Financial Repression and Public Finance in a Calibrated General Equilibrium Model

This paper uses a simple calibrated general equilibrium model to evaluate the impact of financial repression in the form of non-market placement of public debt. By imposing a requirement for households to hold public debt with a below-market rate of return the government distorts optimal household allocation. Financial repression proceeds as an indirect distortionary taxation, which decreases propensity to consume and increases labor supply. It crowds-out private capital, but has an ambiguous impact on output. The composition of government revenue from taxation changes as well. Tighter financial repression shifts Laffer curves for taxes on labor and consumption down, but increases revenue from capital income taxation. Total budget revenue increases, which allows financing more public goods. We describe the substitutability between financial repression and regular taxation. Abandoning financial repression (increasing the interest rate on public debt) requires a substantial increase in the capital tax rate, which provides a political reasoning for pursuing less visible financial repression. For the U.S., loosening the requirement for private agents to hold public debt should be compensated by heavier regular taxation to keep total budget revenue constant, while European governments can simultaneously decrease the regular tax burden and have smaller public debt to finance the same amount of public goods.


Non-Market Debt Placement: Social Security under Financial Repression

Modern financial repression in advanced economies does not rely on increasing seigniorage revenue, but mostly rests upon regulatory measures to enlarge the demand for public debt that delivers extremely low or negative real interest rate. In this paper we propose an extension of the overlapping generations model to question the optimality of financial repression in the form of non-market placement of the public debt in the captive pension fund. First, we analyze the choice of benevolent government. We show that financial repression and capital income taxation are not perfect substitutes. The optimal degree of financial repression depends on the growth rate of population. Moreover, the benevolent government chooses to confiscate some part of the pension wealth, which is equivalent to the imposition of the lump-sum tax. Second, we consider populist policymaker with an upward bias in government spending and downward bias in capital taxation. Populist government does not always confiscate the part of pension wealth, but imposes repression to finance extra budget deficit. This result is in line with political economy explanation of financial repression as a hidden taxation.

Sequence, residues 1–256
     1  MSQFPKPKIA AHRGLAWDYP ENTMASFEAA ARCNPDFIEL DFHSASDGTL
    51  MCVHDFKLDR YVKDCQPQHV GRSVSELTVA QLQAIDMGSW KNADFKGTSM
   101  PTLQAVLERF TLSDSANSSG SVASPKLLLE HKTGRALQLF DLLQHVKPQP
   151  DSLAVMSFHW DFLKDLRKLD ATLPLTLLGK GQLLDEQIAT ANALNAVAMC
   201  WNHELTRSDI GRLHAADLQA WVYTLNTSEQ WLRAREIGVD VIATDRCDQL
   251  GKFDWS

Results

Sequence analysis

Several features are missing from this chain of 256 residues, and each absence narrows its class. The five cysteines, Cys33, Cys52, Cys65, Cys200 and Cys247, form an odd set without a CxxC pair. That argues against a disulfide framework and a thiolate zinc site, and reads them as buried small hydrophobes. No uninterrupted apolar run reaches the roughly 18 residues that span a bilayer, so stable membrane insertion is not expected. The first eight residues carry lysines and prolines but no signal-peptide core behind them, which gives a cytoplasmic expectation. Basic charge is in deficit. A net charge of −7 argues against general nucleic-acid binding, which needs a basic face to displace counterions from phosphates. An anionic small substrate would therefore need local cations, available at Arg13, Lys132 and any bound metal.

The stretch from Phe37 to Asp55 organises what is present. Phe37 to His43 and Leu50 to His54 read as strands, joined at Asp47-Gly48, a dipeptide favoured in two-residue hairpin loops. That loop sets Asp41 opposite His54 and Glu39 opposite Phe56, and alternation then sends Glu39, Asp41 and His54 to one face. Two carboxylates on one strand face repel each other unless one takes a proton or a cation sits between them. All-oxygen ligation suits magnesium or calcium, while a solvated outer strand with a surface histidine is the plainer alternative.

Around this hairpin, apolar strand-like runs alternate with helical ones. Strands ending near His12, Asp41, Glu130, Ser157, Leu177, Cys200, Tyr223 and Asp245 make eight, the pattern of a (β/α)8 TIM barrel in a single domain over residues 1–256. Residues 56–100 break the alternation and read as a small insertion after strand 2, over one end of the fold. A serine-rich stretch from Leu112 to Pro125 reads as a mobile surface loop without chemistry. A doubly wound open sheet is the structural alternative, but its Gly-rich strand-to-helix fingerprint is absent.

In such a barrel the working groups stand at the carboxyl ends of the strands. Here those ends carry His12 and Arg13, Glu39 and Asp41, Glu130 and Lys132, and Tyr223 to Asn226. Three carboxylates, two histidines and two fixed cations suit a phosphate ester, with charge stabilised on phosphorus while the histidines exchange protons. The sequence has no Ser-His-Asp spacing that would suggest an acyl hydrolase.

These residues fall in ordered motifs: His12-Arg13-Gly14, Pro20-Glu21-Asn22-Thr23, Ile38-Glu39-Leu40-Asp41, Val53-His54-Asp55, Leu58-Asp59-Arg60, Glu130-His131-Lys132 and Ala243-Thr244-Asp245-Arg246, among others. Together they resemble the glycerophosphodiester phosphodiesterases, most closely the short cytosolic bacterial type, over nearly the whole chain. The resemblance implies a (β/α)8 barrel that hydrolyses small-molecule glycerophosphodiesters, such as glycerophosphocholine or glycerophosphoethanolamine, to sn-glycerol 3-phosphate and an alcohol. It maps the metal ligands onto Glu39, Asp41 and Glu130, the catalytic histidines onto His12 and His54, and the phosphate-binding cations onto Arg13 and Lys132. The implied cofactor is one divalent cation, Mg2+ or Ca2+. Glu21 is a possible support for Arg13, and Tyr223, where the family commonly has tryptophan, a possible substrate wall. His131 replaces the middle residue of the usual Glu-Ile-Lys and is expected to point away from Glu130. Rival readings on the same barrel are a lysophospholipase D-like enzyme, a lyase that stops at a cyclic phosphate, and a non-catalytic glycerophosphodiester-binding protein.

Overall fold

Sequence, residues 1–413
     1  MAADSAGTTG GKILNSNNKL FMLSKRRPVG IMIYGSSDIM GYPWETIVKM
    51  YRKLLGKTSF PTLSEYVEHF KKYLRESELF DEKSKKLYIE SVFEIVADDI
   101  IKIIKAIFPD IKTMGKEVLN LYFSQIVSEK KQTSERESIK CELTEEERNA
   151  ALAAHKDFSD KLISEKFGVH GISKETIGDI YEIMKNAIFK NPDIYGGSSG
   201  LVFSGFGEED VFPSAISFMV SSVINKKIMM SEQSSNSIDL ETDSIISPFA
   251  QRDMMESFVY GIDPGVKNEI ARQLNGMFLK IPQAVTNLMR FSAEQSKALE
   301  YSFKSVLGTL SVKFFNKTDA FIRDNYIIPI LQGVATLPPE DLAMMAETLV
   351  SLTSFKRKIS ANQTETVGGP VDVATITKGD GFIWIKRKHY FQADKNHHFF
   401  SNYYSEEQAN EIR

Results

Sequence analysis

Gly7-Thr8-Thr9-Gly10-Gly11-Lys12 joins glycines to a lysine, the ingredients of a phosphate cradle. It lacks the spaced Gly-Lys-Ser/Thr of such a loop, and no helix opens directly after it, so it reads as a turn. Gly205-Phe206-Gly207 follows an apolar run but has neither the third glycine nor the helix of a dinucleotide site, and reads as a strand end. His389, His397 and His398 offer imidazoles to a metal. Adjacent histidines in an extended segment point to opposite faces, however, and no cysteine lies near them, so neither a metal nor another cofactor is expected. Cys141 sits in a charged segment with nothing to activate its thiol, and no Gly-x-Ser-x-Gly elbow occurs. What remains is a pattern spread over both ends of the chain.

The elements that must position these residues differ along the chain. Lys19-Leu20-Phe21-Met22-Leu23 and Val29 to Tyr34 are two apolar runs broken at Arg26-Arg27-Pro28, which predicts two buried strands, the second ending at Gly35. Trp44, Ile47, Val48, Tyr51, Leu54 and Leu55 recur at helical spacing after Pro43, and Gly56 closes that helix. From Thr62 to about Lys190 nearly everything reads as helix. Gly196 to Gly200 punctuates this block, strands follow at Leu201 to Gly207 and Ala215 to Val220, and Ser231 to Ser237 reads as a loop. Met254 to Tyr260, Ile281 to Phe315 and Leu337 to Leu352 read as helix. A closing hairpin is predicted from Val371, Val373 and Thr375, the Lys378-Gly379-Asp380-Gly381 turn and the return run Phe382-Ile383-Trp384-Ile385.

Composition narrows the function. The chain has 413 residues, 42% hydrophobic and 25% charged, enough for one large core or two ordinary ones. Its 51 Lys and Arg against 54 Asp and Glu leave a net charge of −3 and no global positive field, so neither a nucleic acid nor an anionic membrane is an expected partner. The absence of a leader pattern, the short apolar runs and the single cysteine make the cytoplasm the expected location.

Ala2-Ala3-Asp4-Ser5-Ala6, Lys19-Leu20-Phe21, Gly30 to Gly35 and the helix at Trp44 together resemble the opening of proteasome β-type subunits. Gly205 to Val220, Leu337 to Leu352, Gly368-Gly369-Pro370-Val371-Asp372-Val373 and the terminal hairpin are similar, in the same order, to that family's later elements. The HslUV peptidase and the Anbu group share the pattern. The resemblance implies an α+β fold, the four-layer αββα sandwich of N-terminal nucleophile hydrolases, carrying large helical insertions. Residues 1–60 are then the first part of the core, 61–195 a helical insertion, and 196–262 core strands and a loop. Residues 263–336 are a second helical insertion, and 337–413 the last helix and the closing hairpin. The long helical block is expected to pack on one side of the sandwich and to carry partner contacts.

Information and macroeconomic policy

Fiscal and monetary policy interaction with uncertain preferences

Starting from the famous paper by Sargent and Wallace (1981), fiscal and monetary policy interaction has been always in the center of attention in academic literature. Despite the huge number of studies, there are some crucial white spots in this domain. For example, the interaction of the central bank and the government with uncertain preferences has been rarely studied before. For example, Kuznetsova and Merzlyakov (2015) develop a game-theoretical model, which incorporates uncertainty about the real policy effects and uncertainty about the preferences of the government. In this model, the authors study the equilibrium in a policy game, where the government and the central bank choose their actions simultaneously. Nevertheless, in reality monetary policy decisions typically require less time to be made and are usually taken at a higher frequency. Thus, the Stackelberg interaction with the government leading and the central bank following seem to be a more appropriate interaction design.

In our research, we are going to study the effects of multiplicative uncertainty and uncertainty about government preferences in a Stackelberg interaction of the central bank and the government. After finding the equilibrium in a general stylized model, we will test our results in a New-Keynesian model with strategic interactions of policymakers.


The value of public information in a two-region model

The social value of information has been broadly discussed in economic literature. Nevertheless, almost all existing studies deal with closed economies, leaving the issues of information provision in open economies aside. Our study fills this gap and elaborate a general two-region model, which captures three important characteristics of international markets: globalization of markets, segmentation of fundamentals and informational asymmetry between regions. This model allows for two types of spillovers between regions. The first spillover can be called strategic, as the strategic effects in private actions are global. The second spillover is informational. This spillover arises because the information published in one region is almost freely available to the agents in the other region. For this model, we derive the global and the regional welfare criteria and study social, regional and inter-regional value of information. The main contribution of this study to the literature is the close look on the welfare properties of information in open economies.